I have been in the business of conducting usability studies and designing websites for quite a while now (over 15 years now). I have built up a list of usability testing techniques and user experience blogs over the years. I use these to keep abreast on the latest trends in user experience and design. In the spirit of the upcoming World Usability Day on November 13, and the spirit of giving to the community, I’ve taken a list of Categories that I’ve used in the past when planning for a Usability Study. Enjoy!
Analytics uses metrics related to a website and its users to improve that website’s design. Data typically includes ways in which people come to a website as well as what they do once they get there.
Content strategy plans for the creation, curation, maintenance, and dissemination of content – text, images, audio & video. It further ensures an organization’s content aligns with its values and is appropriate for its audience.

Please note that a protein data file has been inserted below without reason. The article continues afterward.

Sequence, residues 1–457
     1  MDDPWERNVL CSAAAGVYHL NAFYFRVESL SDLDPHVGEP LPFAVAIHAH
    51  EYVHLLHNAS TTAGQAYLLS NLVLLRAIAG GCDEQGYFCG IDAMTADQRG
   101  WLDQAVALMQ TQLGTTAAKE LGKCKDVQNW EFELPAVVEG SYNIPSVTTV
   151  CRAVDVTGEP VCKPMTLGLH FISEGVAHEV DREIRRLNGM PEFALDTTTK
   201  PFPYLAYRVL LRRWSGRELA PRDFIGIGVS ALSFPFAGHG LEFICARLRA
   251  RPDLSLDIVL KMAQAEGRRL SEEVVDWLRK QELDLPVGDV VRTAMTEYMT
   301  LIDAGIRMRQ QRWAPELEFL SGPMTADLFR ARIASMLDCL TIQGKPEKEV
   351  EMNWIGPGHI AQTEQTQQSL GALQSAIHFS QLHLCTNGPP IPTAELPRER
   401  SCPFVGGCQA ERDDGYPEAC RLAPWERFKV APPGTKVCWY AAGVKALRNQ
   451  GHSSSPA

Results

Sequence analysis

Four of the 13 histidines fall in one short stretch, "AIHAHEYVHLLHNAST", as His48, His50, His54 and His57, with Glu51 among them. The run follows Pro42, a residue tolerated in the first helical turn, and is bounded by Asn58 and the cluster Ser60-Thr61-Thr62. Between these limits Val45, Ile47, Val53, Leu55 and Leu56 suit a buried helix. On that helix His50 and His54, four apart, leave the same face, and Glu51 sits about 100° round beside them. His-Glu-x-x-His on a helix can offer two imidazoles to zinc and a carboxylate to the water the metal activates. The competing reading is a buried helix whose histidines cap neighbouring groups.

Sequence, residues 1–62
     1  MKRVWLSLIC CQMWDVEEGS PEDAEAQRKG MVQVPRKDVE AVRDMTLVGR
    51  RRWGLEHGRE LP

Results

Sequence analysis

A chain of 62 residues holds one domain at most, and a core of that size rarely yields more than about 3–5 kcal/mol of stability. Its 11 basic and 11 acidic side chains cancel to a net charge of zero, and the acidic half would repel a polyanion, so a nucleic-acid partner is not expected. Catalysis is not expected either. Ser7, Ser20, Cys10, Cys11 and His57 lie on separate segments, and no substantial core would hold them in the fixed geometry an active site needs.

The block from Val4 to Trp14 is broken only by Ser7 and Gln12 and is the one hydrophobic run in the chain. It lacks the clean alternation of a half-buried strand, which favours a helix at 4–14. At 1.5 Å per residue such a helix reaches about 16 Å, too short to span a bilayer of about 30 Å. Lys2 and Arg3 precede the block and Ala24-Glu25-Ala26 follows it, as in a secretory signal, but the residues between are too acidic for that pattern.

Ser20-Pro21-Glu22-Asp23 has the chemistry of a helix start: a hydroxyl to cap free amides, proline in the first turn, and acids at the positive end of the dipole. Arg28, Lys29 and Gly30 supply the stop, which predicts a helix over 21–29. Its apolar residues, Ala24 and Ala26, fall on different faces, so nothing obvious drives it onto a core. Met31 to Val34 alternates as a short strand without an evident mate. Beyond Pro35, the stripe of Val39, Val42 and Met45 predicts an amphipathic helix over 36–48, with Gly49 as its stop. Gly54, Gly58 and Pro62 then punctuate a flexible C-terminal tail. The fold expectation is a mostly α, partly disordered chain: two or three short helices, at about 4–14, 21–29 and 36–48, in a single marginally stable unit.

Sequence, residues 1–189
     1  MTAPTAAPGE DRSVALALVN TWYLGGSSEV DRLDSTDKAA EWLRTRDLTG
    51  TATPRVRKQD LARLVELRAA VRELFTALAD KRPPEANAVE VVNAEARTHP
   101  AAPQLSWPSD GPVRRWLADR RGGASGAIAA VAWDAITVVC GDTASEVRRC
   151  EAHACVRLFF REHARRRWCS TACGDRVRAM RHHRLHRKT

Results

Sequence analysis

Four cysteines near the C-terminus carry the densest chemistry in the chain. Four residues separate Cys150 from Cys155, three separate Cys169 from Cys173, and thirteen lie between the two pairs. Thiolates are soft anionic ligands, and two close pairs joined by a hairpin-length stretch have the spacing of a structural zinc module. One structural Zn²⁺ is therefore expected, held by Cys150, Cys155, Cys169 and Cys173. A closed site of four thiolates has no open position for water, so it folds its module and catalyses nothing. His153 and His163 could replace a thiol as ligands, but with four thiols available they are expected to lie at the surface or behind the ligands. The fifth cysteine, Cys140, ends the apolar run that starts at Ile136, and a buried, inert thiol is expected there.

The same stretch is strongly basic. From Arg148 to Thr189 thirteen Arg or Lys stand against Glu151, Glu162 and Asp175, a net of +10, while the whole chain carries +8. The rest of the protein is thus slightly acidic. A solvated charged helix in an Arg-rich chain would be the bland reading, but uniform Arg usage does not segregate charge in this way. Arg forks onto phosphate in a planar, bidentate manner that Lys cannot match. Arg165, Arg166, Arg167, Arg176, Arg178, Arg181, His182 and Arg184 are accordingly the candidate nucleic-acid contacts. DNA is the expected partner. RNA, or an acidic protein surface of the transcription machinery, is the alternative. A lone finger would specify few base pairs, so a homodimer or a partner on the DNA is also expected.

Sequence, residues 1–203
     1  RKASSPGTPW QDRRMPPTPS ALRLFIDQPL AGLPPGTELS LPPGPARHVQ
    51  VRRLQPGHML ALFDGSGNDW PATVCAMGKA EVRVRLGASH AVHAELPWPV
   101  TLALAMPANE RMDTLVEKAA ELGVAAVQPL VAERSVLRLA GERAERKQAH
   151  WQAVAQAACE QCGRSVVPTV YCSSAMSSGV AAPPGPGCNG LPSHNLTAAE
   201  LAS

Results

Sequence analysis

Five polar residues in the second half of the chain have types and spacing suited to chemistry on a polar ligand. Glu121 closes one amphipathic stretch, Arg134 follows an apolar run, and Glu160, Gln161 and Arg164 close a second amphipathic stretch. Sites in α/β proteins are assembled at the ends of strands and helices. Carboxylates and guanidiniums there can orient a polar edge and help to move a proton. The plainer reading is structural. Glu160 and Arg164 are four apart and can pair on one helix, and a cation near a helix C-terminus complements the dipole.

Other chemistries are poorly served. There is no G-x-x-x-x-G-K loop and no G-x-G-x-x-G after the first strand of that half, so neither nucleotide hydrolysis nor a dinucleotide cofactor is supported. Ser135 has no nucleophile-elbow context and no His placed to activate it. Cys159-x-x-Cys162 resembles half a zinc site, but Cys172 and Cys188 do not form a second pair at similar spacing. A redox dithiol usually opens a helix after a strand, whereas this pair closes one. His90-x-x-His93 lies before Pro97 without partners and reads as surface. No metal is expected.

Design philosophy is a reflective action taken to better understand our community’s design culture. Nascent ideas and opinions go on to inform our value systems, our principles, and our processes.
Design research collects story-driven information about users, helping teams better understand the people for which they design. It includes pre-design interviews and post-design qualitative testing.
Design strategy plans for a healthy design initiative relative to its marketplace. This includes everything from selling clients and colleagues on the value of design to areas of business strategy.
Information architecture plans for the creation, structure, and maintenance of information spaces. It lends context, categorization schemas, and navigational elements to a website or application.
Interaction design plans for the usable, beautiful behavior of interactive systems. Requiring consideration of both stimulus and response, it is an inherently user-centered discipline.
Resources include articles, books, conferences, infographics, podcasts, presentations, and videos related to user-centered and user experience design. Everything you never knew you always needed.
Universal design plans for perceivable, operable, understandable, and robust content and services. It helps ensure that our ideas are made available to the largest audience possible.
Visual design maximizes the aesthetic, information-conveying capabilities of graphics and text. It’s a subdiscipline, contributing to UI Design, information design, and graphic design.